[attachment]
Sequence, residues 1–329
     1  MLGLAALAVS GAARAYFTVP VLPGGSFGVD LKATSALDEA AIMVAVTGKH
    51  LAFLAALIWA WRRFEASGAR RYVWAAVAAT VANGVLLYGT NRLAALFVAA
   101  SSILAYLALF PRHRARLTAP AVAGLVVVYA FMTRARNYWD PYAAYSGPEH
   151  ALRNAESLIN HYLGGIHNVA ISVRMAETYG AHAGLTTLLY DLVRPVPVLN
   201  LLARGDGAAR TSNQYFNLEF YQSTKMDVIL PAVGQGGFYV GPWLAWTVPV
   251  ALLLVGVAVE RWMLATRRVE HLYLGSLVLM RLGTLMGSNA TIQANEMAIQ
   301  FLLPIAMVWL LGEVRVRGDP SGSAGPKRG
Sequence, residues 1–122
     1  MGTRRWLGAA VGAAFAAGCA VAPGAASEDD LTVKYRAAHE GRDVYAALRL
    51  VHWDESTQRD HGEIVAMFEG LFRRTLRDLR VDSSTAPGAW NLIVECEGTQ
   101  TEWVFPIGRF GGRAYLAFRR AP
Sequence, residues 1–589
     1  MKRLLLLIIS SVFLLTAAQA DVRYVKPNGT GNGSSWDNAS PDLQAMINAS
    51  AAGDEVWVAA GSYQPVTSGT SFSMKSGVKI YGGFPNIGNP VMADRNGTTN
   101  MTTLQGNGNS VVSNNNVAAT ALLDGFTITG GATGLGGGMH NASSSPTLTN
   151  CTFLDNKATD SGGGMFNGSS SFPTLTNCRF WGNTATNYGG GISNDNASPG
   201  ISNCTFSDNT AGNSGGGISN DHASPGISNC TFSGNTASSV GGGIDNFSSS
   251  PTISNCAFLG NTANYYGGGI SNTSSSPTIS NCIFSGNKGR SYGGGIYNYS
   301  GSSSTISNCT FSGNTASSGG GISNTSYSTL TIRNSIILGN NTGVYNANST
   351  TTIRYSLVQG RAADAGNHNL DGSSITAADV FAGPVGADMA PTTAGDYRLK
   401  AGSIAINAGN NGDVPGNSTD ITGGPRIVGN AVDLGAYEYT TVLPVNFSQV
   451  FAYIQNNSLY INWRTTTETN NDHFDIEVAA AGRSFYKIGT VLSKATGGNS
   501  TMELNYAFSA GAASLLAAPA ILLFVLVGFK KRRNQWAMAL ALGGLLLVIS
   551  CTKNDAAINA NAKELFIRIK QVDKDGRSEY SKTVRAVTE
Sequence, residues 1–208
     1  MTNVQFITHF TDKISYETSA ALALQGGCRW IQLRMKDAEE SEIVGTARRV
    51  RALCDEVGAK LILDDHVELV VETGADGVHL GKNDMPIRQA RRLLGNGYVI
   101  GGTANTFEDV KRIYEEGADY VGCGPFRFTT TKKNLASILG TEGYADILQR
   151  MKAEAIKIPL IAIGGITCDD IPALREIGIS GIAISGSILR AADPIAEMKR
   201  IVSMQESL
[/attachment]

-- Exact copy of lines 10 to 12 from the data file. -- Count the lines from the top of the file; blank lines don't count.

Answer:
     1  MGTRRWLGAA VGAAFAAGCA VAPGAASEDD LTVKYRAAHE GRDVYAALRL
    51  VHWDESTQRD HGEIVAMFEG LFRRTLRDLR VDSSTAPGAW NLIVECEGTQ
   101  TEWVFPIGRF GGRAYLAFRR AP